Bindas, Kenneth J., ed. America’s Musical Pulse: Popular Music in Twentieth-Century Society. Westport: Praeger, 1992.
An anthology of articles on American music, whose articles on ragtime include those written by Peretti, Roell, and Joyner.

Ewen, David. The Life and Death of Tin Pan Alley: The Golden Age of American Popular Music. New York: Funk and Wagnalls, 1964.
Ewen describes a brief integration of ragtime in Tin Pan Alley and distinguishes between ragtime and jazz. Jazz, according to Ewen, derives from the improvisations and blues of New Orleans, whereas “ragtime [. . .] was nothing more than the persistent use of syncopation” (169) — one theory out of many, which contributes to the ambiguity of the distinction. Ewen also highlights the effects of ragtime on the enthusiastic masses and particularly the influence of Irving Berlin’s quasi-rags (namely, “Alexander’s Ragtime Band”).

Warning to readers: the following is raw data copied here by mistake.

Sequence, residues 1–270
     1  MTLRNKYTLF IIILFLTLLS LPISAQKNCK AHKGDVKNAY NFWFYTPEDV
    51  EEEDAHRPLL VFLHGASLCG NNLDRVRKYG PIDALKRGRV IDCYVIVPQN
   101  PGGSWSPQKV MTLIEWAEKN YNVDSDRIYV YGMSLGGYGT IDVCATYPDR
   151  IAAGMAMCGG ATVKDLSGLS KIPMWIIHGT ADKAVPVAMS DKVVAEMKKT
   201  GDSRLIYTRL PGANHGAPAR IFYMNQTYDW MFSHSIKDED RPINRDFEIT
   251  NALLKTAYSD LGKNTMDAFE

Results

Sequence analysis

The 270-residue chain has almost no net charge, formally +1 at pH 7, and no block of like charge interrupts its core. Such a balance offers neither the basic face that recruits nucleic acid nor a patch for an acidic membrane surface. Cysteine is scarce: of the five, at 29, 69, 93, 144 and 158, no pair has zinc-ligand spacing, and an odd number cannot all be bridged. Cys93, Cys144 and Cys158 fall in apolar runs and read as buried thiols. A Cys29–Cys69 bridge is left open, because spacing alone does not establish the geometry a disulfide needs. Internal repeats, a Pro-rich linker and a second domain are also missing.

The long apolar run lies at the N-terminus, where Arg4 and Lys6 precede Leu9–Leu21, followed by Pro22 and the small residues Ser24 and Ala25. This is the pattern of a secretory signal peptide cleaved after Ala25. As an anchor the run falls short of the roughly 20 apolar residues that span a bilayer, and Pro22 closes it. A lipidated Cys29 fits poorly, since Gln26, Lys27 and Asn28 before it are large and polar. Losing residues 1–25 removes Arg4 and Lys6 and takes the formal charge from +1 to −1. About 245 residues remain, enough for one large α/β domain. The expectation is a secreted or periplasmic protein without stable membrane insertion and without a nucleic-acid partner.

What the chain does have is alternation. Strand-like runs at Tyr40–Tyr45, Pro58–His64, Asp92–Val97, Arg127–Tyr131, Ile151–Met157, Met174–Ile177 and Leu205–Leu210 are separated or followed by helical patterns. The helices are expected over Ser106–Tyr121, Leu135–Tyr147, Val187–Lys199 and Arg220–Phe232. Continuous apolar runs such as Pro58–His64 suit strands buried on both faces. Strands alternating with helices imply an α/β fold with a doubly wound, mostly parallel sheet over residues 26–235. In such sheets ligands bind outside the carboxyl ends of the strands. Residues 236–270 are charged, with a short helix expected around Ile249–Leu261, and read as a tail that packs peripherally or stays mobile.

Forte, Allen. Listening to Classic American Popular Songs. New Haven: Yale University Press, 2001.
The lyrics of popular song are primarily music-dependent, written after the music, and consists of characteristics largely distinct from poetry, such as semantics and sonics. In analyzing a small selection of songs from the 1920s, this book may shed light on how ragtime music influences ragtime lyrics and how these lyrics may have shifted the stylistics of popular lyrics.

Furia, Philip. The Poets of Tin Pan Alley: A History of America’s Great Lyricists. Oxford: Oxford University Press, 1990.